[Note added March 1996: This section is now obsolete. C programmers should use the CFITSIO library, written entirely in ANSI-C rather than the CFORTRAN macros described below.]
C programmers may call the Fortran FITSIO subroutines by using a set of macro definitions included in the cfitsio.h header file that is distributed as part of the FITSIO package. This header file defines a C macro corresponding to every Fortran subroutine in the FITSIO user interface. These macros provide a machine-independent interface between C and Fortran by using the CFORTRAN package (actually a C header file) developed by Burkhard Burow (email@example.com, U. of Toronto).
The CFITSIO macros have the same calling sequence as the FITSIO Fortran subroutines defined in this FITSIO User's Guide. The only difference is that the macro routines all have uppercase names and they begin with the letters 'FC' rather then 'ft' as in all the fortran subroutine names. As an example, one would call ftclos(unit, status) in fortran but would call FCCLOS(unit,&status) when calling the CFITSIO macros in a C program. Programmers should refer to the wsimple.c and rsimple.c sample programs that are distributed with FITSIO for examples of how to call the FITSIO routines.
To use CFITSIO, one must include the cfitsio.h header file at the beginning of the C program. Note that cfitsio.h requires 2 other C header files, cfortran.h and pctype.h, (which are also distributed with FITSIO) but these do not need to be explicitly included in the C application program.
C programmers should be aware that there are subtle differences between C and Fortran in the use of character strings and especially vectors of character strings. Please read the comments at the beginning of the cfitsio.h file for a summary of the restrictions when calling the FITSIO routines that have character string arguments.
C programs that call CFITSIO must be linked to include the Fortran language libraries that are needed by FITSIO (since it is written in Fortran). The exact link procedure is necessarily machine dependent, and unfortunately is not always obvious because of various pecularities in either the C or Fortran compilers. The following guidelines may be helpful in sorting out the correct link procedure on Unix platforms.
There are basically 2 options for linking a C program that calls Fortran routines. The first and simplest option, when it works, is to use the `f77' command to link the C program; this will automatically link in the required Fortran language libraries without having to specify their names or directory path. For example, if one has a C program called foo.c which calls cfitsio, it may be compiled and linked with the following commands:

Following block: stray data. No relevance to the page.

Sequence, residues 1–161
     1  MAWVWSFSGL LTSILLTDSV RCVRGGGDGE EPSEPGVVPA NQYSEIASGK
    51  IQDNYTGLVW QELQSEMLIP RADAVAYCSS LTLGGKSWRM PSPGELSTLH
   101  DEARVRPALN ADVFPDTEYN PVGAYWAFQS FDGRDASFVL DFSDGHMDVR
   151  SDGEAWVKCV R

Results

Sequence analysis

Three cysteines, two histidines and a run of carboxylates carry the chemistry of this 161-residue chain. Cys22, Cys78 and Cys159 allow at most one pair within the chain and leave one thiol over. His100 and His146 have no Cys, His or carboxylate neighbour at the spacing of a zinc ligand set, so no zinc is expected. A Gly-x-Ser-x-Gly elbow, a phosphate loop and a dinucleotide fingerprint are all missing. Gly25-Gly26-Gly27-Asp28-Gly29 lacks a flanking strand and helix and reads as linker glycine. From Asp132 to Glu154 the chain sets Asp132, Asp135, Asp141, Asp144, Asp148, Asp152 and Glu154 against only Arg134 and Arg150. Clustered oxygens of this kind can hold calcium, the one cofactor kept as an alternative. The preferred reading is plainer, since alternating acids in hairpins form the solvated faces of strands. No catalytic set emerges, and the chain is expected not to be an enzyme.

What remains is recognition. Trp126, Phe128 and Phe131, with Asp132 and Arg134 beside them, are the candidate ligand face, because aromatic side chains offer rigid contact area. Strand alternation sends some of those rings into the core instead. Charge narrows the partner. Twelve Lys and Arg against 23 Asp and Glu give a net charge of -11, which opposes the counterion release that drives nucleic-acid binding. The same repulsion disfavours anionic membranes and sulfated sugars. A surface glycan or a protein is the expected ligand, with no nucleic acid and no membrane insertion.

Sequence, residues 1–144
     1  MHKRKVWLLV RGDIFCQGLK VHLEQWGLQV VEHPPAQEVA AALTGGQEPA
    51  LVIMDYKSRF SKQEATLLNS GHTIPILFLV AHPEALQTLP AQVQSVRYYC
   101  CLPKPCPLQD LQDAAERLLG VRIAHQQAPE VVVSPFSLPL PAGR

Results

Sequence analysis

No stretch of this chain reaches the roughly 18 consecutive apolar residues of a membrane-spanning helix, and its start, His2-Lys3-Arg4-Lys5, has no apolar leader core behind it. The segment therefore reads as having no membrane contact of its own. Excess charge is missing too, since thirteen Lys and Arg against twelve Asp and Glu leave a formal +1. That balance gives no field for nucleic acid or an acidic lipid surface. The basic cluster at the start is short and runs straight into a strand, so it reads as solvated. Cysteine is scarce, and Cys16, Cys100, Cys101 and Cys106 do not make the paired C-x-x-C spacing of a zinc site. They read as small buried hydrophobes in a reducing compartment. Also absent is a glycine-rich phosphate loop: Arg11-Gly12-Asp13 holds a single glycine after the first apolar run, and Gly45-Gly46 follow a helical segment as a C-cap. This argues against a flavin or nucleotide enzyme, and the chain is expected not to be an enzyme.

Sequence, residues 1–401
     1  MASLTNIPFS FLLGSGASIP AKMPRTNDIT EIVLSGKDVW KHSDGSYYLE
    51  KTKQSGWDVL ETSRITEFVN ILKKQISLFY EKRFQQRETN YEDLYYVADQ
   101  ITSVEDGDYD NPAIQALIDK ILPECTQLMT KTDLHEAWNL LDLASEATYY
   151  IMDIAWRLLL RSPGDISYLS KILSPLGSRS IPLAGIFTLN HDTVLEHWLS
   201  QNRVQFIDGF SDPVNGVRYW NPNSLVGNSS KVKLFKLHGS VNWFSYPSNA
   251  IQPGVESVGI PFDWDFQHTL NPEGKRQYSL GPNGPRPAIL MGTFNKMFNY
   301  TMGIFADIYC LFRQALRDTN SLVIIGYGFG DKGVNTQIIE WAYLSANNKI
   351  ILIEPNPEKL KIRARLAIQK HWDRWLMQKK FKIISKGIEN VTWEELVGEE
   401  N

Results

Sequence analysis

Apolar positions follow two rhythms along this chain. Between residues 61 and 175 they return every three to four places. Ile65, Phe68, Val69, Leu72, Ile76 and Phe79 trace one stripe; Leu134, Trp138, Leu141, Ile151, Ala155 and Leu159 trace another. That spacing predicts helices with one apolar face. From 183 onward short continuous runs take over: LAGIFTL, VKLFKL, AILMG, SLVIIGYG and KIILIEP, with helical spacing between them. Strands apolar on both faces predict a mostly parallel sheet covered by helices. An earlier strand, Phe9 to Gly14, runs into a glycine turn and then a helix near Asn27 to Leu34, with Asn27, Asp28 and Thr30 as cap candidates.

% cc -c foo.c % f77 -o foo foo.o -L$FITSDIR -lfitsiowhere $FITSDIR is an environment variable which points to the directory where the fitsio library has been installed (use `-L.' if the fitsio library is located in the current work directory). Unfortunately, using f77 to perform the linking does not always work, especially if the C and Fortran compilers are supplied by different vendors (e.g., when combining gcc with a commercial Fortran compiler). The error message that is reported in this case usually says something about an undefined or unresolved symbol `main'.
If this error occurs, then a more orthodox linking procedure must be used which requires that the names and path to the Fortran language libraries be explicitly specified. The compile and link commands, (using `gcc' instead of `cc' in this example) would look something like:
% gcc -c foo.c % gcc -o foo foo.o -L$FITSDIR -lfitsio $F77LFLAGSwhere $F77LFLAGS is a platform-specific environment variable which specifies the Fortran 77 libraries that need to be linked with the program. It may require some detective work to determine where the Fortran libraries are located on any given machine. One method for finding them is to compile any simple Fortran program (such as the standard `Hello, world!' program) using the -v option, as in
% f77 -v -o test test.fThis will produce a verbose compile and link listing, with a line that looks something like:
/bin/ld -dc -dp -e start -u _MAIN_ -X -o test /usr/lang/SC1.0/crt0.o /usr/lang/SC1.0/cg87/_crt1.o -L/usr/lang/SC1.0/cg87 -L/usr/lang/SC1.0 test.o -lF77 -lm -lcFrom this listing it should be possible to decipher the names of the Fortran libraries and their location. In this case the libraries are located in /usr/lang/SC1.0 and they are called libF77.a and libm.a. Thus to link the example cfitsio program on this machine, one would specify:
% gcc -c foo.c % gcc -o foo foo.o -L$FITSDIR -lfitsio -L/usr/lang/SC1.0 -lF77 -lmAnother method of locating the Fortran libraries is to execute `which f77' then search that directory, and any subdirectories, for the libraries.
For reference, here is the value for F77LFLAGS what was found to work on various platforms:
SunPro f77 2.0.1 on Solaris 2.4: F77LFLAGS= -L$F77HOME -lM77 -lF77 -lm SunPro f77 3.0.1 on Solaris 2.3: F77LFLAGS= -L$F77HOME -lM77 -lF77 -lsunmath -lm SunPro f77 1.0 on SunOS4.1.4: F77LFLAGS= -L$F77HOME -lF77 -lm SunPro f77 3.0.1 on SunOS4.1.3: F77LFLAGS= -L$F77HOME -lF77 -lM77 -lsunmath -lm -lansi Convex supercomputers: F77LFLAGS= -L$F77HOME -lI77 -lF77 -lU77 -lm -lmathC1 -llfs -lvfn